Hours spent on the trainer have taught me that equipment requirements vary the moment the bike is largely affixed in one spot. Sure, the Kickr Climb enables my indoor bike to tilt vertically but that does not cover the full range of movements that a bike naturally does outdoors. There is no multi-directional rocking. This has profound implications for comfort, primarily – the saddle. So, I turned to a saddle everyone claims provides the greatest comfort – ISM’s offerings.
- Comfort. I chose the PR 3.0 (PR stands for “Performance Recreation”) because it was ISM’s strongest performance-comfort offering. It has foam and gel padding which is great because I use pretty worn out bike shorts for indoor workouts. It has a huge cut out in the middle as well. This is a saddle that has come the closest to “disappearing” under me.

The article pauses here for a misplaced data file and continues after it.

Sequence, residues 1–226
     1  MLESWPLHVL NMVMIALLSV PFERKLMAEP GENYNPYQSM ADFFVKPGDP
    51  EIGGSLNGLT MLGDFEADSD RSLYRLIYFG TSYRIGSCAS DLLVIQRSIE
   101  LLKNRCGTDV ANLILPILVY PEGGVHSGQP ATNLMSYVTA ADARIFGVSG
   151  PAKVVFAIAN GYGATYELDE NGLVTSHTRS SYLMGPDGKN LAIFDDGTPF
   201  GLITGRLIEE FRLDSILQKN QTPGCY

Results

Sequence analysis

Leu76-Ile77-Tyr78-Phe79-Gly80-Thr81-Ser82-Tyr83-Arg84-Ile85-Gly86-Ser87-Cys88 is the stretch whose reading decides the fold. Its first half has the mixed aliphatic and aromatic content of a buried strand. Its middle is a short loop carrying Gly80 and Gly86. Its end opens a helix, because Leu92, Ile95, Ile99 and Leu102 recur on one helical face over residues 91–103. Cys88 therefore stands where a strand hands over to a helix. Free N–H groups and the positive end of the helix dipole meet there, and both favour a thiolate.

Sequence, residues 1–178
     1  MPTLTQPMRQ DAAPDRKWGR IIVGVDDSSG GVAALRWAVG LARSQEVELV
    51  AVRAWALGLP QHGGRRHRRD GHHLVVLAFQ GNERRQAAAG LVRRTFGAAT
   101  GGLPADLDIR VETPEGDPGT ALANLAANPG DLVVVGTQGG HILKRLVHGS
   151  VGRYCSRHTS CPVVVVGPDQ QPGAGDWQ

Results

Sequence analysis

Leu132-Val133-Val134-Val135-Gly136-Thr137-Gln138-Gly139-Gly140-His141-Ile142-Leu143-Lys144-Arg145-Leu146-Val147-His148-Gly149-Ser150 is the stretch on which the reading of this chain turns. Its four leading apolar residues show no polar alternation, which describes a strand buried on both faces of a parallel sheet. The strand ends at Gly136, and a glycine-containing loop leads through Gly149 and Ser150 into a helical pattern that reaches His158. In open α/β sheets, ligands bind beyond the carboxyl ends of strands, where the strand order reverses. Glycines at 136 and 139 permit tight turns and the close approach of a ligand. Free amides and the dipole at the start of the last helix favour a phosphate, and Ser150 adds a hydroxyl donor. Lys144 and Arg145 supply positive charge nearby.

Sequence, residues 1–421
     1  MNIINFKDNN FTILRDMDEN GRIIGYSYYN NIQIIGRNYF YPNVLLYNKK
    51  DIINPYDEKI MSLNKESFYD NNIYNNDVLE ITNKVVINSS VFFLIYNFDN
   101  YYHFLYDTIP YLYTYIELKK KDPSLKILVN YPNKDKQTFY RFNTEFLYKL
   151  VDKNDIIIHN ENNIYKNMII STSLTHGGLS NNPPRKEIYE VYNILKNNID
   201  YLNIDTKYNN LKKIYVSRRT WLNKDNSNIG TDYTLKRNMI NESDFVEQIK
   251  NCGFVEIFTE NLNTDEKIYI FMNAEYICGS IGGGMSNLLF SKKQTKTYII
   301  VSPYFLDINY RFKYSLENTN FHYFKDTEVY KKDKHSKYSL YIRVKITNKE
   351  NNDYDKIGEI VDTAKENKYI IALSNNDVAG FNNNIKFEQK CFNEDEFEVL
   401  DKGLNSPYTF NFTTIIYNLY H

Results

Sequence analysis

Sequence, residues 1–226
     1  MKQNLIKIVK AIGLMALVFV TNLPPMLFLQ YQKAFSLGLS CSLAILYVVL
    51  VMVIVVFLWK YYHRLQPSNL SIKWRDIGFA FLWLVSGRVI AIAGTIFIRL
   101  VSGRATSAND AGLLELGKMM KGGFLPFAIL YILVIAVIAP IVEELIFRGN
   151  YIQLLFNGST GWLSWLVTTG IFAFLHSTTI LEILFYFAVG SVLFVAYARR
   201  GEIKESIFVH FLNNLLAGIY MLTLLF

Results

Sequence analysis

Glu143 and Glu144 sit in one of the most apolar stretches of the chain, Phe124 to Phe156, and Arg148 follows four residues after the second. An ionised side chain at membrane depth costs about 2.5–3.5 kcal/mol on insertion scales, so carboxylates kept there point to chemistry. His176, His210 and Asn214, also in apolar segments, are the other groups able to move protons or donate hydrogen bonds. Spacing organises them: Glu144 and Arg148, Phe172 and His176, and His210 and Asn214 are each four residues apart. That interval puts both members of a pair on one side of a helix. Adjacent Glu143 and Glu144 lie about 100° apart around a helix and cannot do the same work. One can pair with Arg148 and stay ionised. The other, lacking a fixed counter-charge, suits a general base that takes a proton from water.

- Position. Aero positions are a dream on this saddle given that the cut out extends all the way to the tip. I don’t really go full aero on indoor spins but have the option to hone such a form if necessary.
- Value for money. Having dealt with mostly high end saddles, ISM’s offering was easily less than half what I usually spent.
- Strange looking. It looks really weird. Period.
- Heavy. It weighs 380g. Thrice or even close to four times the weight of my other saddles. This is why I do not use this on my outdoor bikes.
I can see why ISM’s offerings are popular with time trialists. The comfort to hold an aero form is unprecedented in my experience. But this comes at a cost – significant gains in weight. It is not a saddle I will bring to the mountains but one that is a perfect match for indoor spinning. I bought it from Amazon because it was not available locally then. A few local sellers now have stock.